8.5/10
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252 user 113 critic

City Lights (1931)

With the aid of a wealthy erratic tippler, a dewy-eyed tramp who has fallen in love with a sightless flower girl accumulates money to be able to help her medically.

Director:

Charles Chaplin

Writer:

Charles Chaplin
Reviews
Popularity
4,434 ( 11)

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Cast

Complete credited cast:
Virginia Cherrill ... A Blind Girl
Florence Lee Florence Lee ... The Blind Girl's Grandmother
Harry Myers ... An Eccentric Millionaire
Al Ernest Garcia ... James - the Millionaire's Butler (as Allan Garcia)
Hank Mann ... A Prizefighter
Charles Chaplin ... A Tramp (as Charlie Chaplin)
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Storyline

A tramp falls in love with a beautiful blind girl. Her family is in financial trouble. The tramp's on-and-off friendship with a wealthy man allows him to be the girl's benefactor and suitor. Written by John J. Magee <magee@helix.mgh.harvard.edu>

Plot Summary | Plot Synopsis

Taglines:

HE RETURNS -And the world rocks again with laughter. (Print Ad-Daily Examiner, ((Grafton, NSW)) 6 July 1931)

Genres:

Comedy | Drama | Romance

Certificate:

G | See all certifications »

Parents Guide:

View content advisory »
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Details

Country:

USA

Language:

English

Release Date:

7 March 1931 (USA) See more »

Also Known As:

City Lights: A Comedy Romance in Pantomime See more »

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Box Office

Budget:

$1,500,000 (estimated)

Gross USA:

$19,181, 6 July 2007
See more on IMDbPro »

Company Credits

Show more on IMDbPro »

Technical Specs

Runtime:

Sound Mix:

Silent | Mono (musical score)

Aspect Ratio:

1.20 : 1
See full technical specs »
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Did You Know?

Trivia

During the premiere, the theater manager, H.L. Gumbiner, was justifiably proud of the gorgeous new state-of-the-art Los Angeles Theatre. Unfortunately, he had terrible timing. To Charles Chaplin's horror, Gumbiner had the film stopped halfway through. "Before continuing further with this wonderful comedy," boomed Gumbiner's voice over a loudspeaker to a bewildered audience, "we would like to take five minutes of your time and point out to you the merits of this beautiful new theater."

Chaplin was livid. "I could not believe my ears," he said. "I went mad. I leaped from my seat and raced up the aisle: 'Where's that stupid son of a bitch of a manager? I'll kill him!'" The audience was on Chaplin's side. They began stomping their feet, calling out, and eventually booing the poorly timed intrusion. Finally getting the message, Gumbiner stopped and the film started back up. See more »

Goofs

(at around 14 mins) When saving the man's life, and trying to climb out of the water, the position of the Tramp's hat is inconsistent. See more »

Quotes

A Blind Girl: Thank you for your kindness, sir.
See more »

Alternate Versions

Available prints feature the original credits, although references to United Artists have been removed. Even though he was uncredited in the original versions, José Padilla's name was added to the credits See more »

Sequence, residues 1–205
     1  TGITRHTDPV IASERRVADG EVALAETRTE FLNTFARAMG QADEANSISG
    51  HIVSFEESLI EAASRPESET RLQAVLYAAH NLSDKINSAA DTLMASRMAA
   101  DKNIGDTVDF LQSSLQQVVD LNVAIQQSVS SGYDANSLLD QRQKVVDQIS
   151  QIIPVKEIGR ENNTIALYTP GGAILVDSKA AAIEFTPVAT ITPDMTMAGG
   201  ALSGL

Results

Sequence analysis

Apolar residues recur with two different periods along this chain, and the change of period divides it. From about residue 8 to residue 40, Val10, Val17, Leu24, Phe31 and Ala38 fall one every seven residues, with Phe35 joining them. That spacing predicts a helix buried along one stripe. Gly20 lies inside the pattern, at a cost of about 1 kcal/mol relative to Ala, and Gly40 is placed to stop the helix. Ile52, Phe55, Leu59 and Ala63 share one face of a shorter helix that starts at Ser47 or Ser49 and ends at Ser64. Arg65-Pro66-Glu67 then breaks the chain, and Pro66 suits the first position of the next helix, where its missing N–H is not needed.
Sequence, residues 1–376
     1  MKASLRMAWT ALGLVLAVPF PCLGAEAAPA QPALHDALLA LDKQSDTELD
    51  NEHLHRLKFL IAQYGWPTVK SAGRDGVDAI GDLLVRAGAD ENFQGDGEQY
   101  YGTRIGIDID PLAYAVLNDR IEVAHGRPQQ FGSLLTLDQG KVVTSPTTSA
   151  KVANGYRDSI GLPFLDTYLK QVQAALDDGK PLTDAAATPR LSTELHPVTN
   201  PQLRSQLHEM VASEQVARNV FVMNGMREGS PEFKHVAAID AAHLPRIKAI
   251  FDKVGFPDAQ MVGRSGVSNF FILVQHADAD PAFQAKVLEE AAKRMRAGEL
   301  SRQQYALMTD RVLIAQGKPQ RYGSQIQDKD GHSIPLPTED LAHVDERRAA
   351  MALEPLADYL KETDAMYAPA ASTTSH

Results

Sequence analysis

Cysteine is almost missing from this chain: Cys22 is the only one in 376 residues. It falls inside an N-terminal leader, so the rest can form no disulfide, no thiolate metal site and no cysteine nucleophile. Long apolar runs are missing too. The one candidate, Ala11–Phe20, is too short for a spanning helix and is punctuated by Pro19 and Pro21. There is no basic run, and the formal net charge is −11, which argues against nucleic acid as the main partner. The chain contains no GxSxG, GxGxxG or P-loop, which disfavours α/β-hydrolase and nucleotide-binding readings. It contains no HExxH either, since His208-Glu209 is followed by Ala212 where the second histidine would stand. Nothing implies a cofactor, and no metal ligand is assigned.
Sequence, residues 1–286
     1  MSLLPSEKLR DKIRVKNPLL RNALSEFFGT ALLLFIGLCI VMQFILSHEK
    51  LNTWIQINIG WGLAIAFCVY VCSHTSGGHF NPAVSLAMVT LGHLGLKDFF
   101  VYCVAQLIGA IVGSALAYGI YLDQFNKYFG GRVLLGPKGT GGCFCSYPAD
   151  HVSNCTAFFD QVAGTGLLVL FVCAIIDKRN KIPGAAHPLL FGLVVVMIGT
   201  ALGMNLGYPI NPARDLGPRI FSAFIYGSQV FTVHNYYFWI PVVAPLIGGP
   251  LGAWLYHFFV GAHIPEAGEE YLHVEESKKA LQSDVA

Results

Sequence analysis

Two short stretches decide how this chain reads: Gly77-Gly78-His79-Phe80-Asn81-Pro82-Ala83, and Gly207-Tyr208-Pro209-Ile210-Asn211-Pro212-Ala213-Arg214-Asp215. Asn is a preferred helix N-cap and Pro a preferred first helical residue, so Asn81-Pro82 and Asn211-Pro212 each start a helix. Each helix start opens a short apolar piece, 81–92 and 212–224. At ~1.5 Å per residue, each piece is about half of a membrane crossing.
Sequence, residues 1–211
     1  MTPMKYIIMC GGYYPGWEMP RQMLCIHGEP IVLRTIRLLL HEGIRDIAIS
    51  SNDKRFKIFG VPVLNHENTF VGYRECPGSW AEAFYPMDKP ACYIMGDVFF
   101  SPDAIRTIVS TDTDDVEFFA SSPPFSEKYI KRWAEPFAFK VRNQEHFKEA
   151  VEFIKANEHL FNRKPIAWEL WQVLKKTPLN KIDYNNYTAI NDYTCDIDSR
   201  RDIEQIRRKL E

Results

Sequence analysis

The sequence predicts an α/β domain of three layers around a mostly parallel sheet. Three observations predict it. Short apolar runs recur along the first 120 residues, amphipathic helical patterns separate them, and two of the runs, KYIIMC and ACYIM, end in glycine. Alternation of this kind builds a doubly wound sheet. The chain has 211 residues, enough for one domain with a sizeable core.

Connections

Referenced in Sharktopus vs. Whalewolf (2015) See more »

Soundtracks

Tomorrow the Sun Will Shine
(1931) (uncredited)
Music by Charles Chaplin
See more »

Frequently Asked Questions

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User Reviews

A classic film made with love and precision
6 February 2001 | by BYUmogulSee all my reviews

Film has become a medium that is strongly influenced by nostalgia. Old films have become journeys to the past; ways to visit times and people that no longer are. Since film is an art that is based on the innovation of previous works, it has an element of nostalgia in its foundation. We look on the old to find what elements should make up the new. In City Lights, and other silent works of film, a passion emerges that is uniquely honest and sincere. While watching the film, I was impressed that Chaplin really did love the story, the sets, the crew; the whole project. While this may not have been the complete reality, it felt that way, and thus made the film more enjoyable. In silent films the audience is forced to be completely reliable on the visual elements of the film; there are no elaborate sound effects or dialogue to provoke an emotional response.

Since film is at its very core a visual medium, I find silent films to be the basic form of the medium. I don't use the word basic here in a demeaning sense, but I compare the beauty of silent films to the beauty of early European art, before the concept of perspective was developed in the Renaissance. Many books and tomes featured people as tall as the castles they stood in; these works of art were not technologically advanced, but they were, and are, beautiful. The same example is found when comparing early darreographs of wild animals to contemporary photographs found in National Geographic. There is a warmth found in City Lights, and other Chaplin films (The Kid, Modern Times) that would be lost in the sea of cinematic technology that floods films today. Maybe it's just that with simplicity comes honesty, and honesty is perhaps the most powerful emotion that can cross through the screen and be felt by the viewer.


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